Homosexuality In The Works Of Oscar Wilde
Homosexuality in Oscar Wilde's Work
"I turned half way around and saw Dorian Gray for the first time. I knew that I had come face to face with someone whose mere personality was so fascinating that, if I allowed it to do so, it would absorb my whole nature, my whole soul, my very art itself" (7). During the Victorian era, this was a dangerous quote. The Victorian era was about progress. It was an attempt aimed at cleaning up the society and setting a moral standard. The Victorian era was a time of relative peace and economic stability (Marshall 783). Victorians did not want anything "unclean" or "unacceptable" to interfere with their idea of perfection. Therefore, this quote, taken from Oscar Wilde's The Picture of Dorian Gray, brimming with homosexual undertones, was considered inappropriate. Due to the time period's standards, Oscar Wilde was forced to hide behind a thin layer of inference and parallel. Wilde was obsessed with the perfect image. Although he dressed more flamboyantly than the contemporary dress, it was to create an image of himself. Wilde was terrified of revealing his homosexuality because he knew that he would be alienated and ostracized from the society. Through his works, Oscar Wilde implicitly reflected his homosexual lifestyle because he feared the repercussions from the conservative Victorian era in which he lived.
Oscar Wilde was born in 1854 and led a normal childhood. After high school, Wilde attended Oxford College and received a B.A. in 1878. During this time, he wrote Vera and The Importance of Being Earnest. In addition, "for two years Wilde had dressed in outlandish outfits, courted famous people and built his public image" (Stayley 317). Doing so earned Wilde a job with Richard D' Oyly, a producer. His task was to advertise opera in America. While in America, Wilde not only found a producer for Vera, but also wrote The Duchess of Padua for the American actress, Mary Anderson (Stayley 317).
Upon his return to England in 1883, Wilde began lecturing on his experiences in America. This is how he came to meet Constance Lloyd, whom he later married on May 29, 1884. The couple had two children together. However, the marriage began to have problems after Wilde met Canadian, Robert Ross, which "began his involvement in the disordered, destructive homosexual lifestyle so luridly suggested in The Picture of Dorian Gray and catalogued in his sensational trials" (Stayley 318). Robert Ross forced Wilde to confront the homosexual tendencies that he had been trying desperately to suppress. A whole new world opened for Wilde, and his only resource in which to channel this new energy was through his literary works.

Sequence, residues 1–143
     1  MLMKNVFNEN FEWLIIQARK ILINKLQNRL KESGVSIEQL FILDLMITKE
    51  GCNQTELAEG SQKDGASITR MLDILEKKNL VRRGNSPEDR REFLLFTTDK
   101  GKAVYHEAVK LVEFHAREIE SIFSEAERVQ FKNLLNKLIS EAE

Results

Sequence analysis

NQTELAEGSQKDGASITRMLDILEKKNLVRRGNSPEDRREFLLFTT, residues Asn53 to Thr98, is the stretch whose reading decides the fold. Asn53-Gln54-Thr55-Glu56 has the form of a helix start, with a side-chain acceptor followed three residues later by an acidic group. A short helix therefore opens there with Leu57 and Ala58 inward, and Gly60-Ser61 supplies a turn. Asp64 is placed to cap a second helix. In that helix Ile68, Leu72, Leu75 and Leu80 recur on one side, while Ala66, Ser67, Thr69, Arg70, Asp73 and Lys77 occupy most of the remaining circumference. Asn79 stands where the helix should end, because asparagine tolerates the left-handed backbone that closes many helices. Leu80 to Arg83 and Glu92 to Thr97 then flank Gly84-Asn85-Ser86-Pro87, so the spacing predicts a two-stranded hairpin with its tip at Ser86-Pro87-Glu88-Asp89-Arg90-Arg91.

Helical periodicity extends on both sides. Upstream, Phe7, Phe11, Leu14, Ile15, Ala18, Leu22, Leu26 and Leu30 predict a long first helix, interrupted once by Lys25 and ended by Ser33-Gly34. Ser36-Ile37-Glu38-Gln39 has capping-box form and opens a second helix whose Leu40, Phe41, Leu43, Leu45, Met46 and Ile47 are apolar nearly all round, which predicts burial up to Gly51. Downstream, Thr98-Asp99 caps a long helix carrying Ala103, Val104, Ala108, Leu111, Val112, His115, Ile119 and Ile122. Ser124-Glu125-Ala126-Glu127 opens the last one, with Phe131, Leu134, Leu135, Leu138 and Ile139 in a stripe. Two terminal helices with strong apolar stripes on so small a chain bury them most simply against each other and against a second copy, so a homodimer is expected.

In 1888, Oscar Wilde published a set of fairy tales, The Happy Prince and Other Tales and "The Young King." These stories, "revealed another approach to moral situations and human relationships" (Stayley 319). The fairy tales were perhaps the first time Wilde introduced...
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Homosexual Elements in The Picture of Dorian Gray by Oscar Wilde
1608 Words7 Pages
Homosexual Elements in The Picture of Dorian Gray
In spite of the novel's heterosexual text, many critics agree that it has various homosexual elements in its characters, in the dialogues, and even in the portrait itself. One of the critics, Richard Dellamora, mentions this feature of the text, and comments that "By definition this context is heterosexual. Wotton is married and pursues actresses. Basil himself is a graduate of Oxford, a well-established artist, and respectable to a fault" (28). However, he also remarks the intensity of male friendships, and referring to Basil, he continues "Later, he repeatedly enjoins Dorian to conformity. Both older men live in a network of male friendships that ramify through the novel "…show more content…
sensation of terror came over me. I knew that I had come face
to face with someone whose mere personality was so fascinating
that, if I allowed it to do so, it would absorb my whole nature,
my whole soul, my very art itself... Something seemed to tell me
that I was on the verge of a terrible crisis in my life... I take no
credit to myself for trying to escape... We were quite close,
almost touching. Our eyes met again. It was reckless of me, but
I asked Lady Brandon to introduce me to him. Perhaps it was
not so reckless, after all. It was simply inevitable. We would have
spoken to each other without any introduction. I am sure of that,
Dorian told me so afterwards. He, too, felt that we were destined
to know each other. (11-12)
Towards the middle of the novel, Basil confesses his worship of Dorian to the young model himself :
...Dorian, from the moment I met you, your personality had the
most extraordinary influence over me. I was dominated, soul,
brain, and power by you. You became to me the